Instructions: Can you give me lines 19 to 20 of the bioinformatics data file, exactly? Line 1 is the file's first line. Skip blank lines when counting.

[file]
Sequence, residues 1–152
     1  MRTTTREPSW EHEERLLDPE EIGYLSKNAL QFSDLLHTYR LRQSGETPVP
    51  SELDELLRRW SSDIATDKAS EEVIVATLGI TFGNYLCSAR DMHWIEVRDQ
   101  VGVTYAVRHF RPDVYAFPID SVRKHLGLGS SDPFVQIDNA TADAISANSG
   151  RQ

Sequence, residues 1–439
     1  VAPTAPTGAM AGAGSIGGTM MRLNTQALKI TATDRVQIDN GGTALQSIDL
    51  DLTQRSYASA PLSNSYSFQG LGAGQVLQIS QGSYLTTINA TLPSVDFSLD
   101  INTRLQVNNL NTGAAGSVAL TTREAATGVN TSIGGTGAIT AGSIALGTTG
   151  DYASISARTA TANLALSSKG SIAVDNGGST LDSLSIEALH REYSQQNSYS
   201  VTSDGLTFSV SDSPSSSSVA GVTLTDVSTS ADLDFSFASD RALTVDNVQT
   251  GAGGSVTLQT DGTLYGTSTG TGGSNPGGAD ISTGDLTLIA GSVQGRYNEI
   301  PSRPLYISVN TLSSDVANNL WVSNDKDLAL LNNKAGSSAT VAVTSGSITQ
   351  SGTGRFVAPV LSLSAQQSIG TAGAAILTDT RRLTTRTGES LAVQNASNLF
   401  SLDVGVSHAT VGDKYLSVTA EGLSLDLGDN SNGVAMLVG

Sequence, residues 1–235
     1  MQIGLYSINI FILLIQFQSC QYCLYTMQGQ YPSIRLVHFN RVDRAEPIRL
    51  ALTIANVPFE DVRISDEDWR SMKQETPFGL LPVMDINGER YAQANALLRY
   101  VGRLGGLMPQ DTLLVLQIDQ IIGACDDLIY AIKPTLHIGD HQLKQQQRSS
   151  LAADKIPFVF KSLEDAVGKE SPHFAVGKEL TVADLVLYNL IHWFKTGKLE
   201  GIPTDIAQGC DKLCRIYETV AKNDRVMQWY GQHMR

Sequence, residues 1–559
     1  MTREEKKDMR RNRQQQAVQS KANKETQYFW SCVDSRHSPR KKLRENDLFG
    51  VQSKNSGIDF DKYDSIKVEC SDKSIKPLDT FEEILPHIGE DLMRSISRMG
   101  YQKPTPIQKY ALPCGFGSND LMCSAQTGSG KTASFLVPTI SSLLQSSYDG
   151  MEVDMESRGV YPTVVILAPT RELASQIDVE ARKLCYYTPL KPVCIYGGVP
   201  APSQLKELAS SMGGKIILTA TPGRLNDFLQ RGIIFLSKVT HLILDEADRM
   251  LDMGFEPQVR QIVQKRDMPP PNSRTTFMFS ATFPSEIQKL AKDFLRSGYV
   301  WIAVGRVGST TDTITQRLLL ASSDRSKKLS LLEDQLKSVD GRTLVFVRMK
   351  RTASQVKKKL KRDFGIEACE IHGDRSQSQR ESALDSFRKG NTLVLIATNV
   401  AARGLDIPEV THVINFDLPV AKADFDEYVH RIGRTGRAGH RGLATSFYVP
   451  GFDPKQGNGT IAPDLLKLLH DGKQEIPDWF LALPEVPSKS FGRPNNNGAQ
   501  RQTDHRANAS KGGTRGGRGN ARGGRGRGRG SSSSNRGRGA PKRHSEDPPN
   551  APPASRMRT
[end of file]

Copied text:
   101  VGRLGGLMPQ DTLLVLQIDQ IIGACDDLIY AIKPTLHIGD HQLKQQQRSS
   151  LAADKIPFVF KSLEDAVGKE SPHFAVGKEL TVADLVLYNL IHWFKTGKLE